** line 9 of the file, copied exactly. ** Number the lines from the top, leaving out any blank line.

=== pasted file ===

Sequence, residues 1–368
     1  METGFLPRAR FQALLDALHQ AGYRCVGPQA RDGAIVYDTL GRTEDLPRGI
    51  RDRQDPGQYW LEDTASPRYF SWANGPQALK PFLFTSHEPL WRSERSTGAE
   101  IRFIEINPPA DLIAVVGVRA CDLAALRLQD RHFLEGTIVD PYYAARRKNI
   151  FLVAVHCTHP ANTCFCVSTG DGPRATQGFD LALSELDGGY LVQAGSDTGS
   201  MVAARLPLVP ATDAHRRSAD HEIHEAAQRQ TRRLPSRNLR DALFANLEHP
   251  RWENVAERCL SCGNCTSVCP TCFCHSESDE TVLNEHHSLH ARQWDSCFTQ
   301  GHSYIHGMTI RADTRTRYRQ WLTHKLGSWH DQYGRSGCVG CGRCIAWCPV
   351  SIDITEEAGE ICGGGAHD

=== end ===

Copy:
   351  SIDITEEAGE ICGGGAHD